by Max Barry

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Spotlight on:

National Flag

The Grand Republic of The Bay

“From the sea, prosperity”

Category: Left-wing Utopia
Civil Rights:
Political Freedoms:

Regional Influence: Page

Location: the South Pacific



Spring 2019 Issue of The Bay, the Government, and You!

Welcome to The Bay!

This pamphlet will familiarize you with the government of our glorious nation! It will explain, step-by-step and in understandable, bite-sized chunks, how the nation is run on a day-to-day basis. Hopefully by the end of it you will feel more confident in your knowledge of our state, more confident in your ability to participate in our politics, and more ready for life in The Bay. Alright - letís get started!

The Grand Ministry

The Grand Ministry is headed, of course, by the Grand Minister! The Grand Minister is an official who serves for ten (10) years in a term, but is only allowed to serve for one (1) term - they canít be re-elected, ever. This is to ensure not only the strength of vision of a strong leader and the willingness to act on their vision, but also to protect against the corruption of certain other ďrepublicsĒ that manage to circumvent their own re-election laws. The best part is we can always be sure the will of the Grand Minister is the will of the People - they are elected by direct democracy! Under the Grand Minister are several lesser ministers and their departments, such as Aquaculture, Education, and War. All of these ministers are appointed by the Grand Minister, approved by a simple majority of the Peopleís Council, and serve for five (5) years. Although they are up for one re-election, they must be approved by a two-thirds (⅔) majority of the Council. Remember, these ministers arenít elected directly, so in order to influence who is in government, you need to vote in the Council and Grand Ministry elections!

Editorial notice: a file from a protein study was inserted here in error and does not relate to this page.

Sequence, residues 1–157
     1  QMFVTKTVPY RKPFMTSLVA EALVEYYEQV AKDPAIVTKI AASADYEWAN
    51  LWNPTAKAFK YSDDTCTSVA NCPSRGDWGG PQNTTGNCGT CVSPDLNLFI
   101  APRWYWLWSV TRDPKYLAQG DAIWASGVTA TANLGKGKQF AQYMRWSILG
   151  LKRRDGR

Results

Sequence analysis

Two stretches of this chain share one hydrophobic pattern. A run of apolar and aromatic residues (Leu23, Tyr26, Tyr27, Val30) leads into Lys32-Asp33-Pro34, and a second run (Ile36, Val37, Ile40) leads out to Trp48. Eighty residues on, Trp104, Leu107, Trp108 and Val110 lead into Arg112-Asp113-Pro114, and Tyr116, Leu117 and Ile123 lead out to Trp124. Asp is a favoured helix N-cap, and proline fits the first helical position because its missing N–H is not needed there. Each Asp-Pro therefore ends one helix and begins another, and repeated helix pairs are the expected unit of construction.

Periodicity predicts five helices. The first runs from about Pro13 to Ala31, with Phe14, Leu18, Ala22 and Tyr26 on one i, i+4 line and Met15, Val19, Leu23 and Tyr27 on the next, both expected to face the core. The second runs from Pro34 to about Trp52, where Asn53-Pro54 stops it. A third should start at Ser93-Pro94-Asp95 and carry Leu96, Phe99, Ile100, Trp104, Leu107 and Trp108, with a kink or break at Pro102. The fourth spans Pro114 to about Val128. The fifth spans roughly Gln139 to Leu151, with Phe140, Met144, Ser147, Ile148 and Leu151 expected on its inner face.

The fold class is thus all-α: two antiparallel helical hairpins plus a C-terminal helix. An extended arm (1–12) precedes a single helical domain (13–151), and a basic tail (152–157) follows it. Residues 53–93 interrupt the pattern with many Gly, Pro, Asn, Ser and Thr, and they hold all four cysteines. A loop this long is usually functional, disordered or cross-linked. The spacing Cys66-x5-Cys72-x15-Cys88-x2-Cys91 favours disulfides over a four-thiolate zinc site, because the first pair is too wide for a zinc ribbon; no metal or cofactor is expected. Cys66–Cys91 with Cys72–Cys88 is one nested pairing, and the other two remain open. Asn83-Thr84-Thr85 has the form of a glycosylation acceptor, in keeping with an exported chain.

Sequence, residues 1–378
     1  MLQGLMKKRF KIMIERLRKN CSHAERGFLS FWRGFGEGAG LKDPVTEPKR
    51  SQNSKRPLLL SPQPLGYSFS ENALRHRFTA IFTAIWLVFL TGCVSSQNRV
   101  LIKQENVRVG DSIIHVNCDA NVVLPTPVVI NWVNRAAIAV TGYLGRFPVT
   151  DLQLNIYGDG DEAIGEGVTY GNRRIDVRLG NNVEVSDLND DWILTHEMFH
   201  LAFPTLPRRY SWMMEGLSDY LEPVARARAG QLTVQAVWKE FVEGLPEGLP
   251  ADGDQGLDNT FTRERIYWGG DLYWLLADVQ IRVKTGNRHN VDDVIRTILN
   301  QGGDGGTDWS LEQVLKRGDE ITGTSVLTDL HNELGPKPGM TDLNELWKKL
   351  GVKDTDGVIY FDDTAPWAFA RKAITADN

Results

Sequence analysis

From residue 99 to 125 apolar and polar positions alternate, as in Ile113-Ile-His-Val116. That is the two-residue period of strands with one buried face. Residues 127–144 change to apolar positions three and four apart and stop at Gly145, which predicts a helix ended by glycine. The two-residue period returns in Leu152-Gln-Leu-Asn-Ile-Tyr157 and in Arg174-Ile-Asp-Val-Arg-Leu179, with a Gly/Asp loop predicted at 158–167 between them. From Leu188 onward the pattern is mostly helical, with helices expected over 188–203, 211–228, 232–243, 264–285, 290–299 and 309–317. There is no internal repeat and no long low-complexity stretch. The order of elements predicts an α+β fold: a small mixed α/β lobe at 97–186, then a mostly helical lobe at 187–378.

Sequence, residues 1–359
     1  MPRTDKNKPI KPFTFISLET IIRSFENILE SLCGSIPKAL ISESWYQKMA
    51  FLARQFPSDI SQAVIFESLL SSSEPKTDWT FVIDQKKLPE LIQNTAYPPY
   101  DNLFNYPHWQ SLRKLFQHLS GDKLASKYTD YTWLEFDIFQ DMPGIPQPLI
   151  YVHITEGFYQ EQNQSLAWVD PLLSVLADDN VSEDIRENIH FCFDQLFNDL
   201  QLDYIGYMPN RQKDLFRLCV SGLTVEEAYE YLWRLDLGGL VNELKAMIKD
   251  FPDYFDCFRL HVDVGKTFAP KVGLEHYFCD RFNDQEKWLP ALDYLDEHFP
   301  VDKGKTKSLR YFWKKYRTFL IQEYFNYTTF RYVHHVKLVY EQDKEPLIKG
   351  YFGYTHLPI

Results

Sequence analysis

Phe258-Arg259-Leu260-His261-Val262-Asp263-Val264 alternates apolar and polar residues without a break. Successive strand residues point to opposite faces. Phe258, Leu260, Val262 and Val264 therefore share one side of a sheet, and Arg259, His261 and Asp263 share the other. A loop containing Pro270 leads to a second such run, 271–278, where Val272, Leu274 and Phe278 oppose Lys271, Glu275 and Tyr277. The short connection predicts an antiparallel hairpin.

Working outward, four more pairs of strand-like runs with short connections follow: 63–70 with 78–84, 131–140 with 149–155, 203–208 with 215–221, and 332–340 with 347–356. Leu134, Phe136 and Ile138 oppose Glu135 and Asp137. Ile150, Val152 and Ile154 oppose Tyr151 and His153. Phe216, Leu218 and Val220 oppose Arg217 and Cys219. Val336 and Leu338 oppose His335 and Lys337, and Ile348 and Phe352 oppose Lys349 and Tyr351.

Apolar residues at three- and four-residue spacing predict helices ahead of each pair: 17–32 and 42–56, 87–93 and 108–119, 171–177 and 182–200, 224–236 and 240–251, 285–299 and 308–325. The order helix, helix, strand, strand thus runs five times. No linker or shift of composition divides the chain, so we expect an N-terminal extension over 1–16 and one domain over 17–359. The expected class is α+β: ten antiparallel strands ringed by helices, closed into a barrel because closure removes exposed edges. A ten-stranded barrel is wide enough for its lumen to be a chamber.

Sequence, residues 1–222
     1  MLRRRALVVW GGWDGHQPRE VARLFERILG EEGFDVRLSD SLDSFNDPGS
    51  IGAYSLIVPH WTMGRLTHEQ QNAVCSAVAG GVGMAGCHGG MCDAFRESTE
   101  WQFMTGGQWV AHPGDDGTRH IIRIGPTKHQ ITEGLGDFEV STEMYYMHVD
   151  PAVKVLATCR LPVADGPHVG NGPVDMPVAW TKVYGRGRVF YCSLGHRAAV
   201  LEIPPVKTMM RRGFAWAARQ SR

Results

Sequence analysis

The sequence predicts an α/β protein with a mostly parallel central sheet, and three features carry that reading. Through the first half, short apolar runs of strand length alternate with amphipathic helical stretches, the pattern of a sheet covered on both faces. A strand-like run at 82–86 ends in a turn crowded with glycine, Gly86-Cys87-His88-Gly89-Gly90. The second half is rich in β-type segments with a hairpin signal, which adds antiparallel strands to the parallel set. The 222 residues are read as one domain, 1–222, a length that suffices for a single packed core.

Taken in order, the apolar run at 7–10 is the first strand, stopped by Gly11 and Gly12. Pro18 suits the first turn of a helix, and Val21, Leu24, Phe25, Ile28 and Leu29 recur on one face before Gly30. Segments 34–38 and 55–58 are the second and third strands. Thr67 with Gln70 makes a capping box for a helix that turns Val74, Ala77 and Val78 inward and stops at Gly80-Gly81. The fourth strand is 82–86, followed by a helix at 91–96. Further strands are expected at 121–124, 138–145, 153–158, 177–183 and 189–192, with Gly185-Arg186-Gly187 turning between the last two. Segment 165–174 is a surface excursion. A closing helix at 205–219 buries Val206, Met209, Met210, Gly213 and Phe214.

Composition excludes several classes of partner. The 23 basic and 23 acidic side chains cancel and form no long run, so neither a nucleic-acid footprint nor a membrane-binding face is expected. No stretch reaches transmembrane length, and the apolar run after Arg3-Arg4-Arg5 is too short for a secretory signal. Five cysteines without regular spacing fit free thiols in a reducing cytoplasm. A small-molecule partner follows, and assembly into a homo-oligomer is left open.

The Peopleís Council

The Peopleís Council is a council of 235 representatives of the People, elected through direct democracy, with 47 representatives from five distinct classes of the proletariat. These classes are the Soldiers, the Farmers, the Industrial Workers, the Creators, and the Office Workers. Together with the Grand Ministry, these people work to create and enact the laws that make up our society! It is the job of the Council to write these laws, with advisors from the Peopleís Court and the Grand Ministry. They then send it to the Grand Minister for approval, after which they vote at ⅔ majority on whether to accept or reject the Grand Ministerís decision. Itís important to remember that you can only vote for the representatives in your Run! A Run is any one of those classes mentioned before. For instance, if you are a part of the Farmersí Run, you cannot vote for a candidate running in the Creatorsí Run. This is essential to our democracy, as it makes sure the government is truly representative of as many people in our society as possible.

The Popular Court

The Popular Court is the head of the judicial system in The Bay. As the highest court in the land, it has a lot of important duties, like settling the disputes about our basic rights as humans and as Bayians. The court is made of 5 Grand Judges, who each serve for two (2) years at a time. These Judges are appointed by the Grand Minister, but must be approved by a simple majority of the Peopleís Council. This may seem like a low bar of entry, but donít worry; to be re-approved to sit on the Court, each Judge must reach a ⅔ majority approval by the Peopleís Council. This keeps each Judge beholden to the true will of the People, and makes sure a corrupt Judge never sits for very long at all. Our judicial system is just the best, isnít it? Now, the lower courts of the land are also overseen by the Popular Court. At the moment, they have determined that every jury will be comprised of three (3) randomly-drawn individuals from each of the 5 Runs. The juryís duty is to keep each court case fair and balanced, evenly representing all Runs in the decision making process. Finally, the Popular Court provides legal oversight on bills making their way through the Peopleís Council. If a bill seems like it would go against the letter or spirit of other laws, or even the previous decisions of the Court (also known as Case Law), they can lodge an official objection. This is a long and complicated process that can delay a bill for months or even years, but for the average citizen (thatís you!) the most important thing to know is that eventually the bill is brought before the Grand Minister along with a representative from the Court and the Council. After hearing arguments from both sides, the Minister decides whether to Pass, Block, or Amend the bill.

Well, thatís all!

Whew! That sure was a lot. Hopefully it wasnít too much, eh? Either way, now youíre prepared for life in The Bay! Whether youíre a prospective immigrant, new citizen, or even a long time resident, this information is essential to participation in the government and staying on the good side of the law. Keep this pamphlet around and youíll stay safe, stay healthy, and most importantly, stay happy!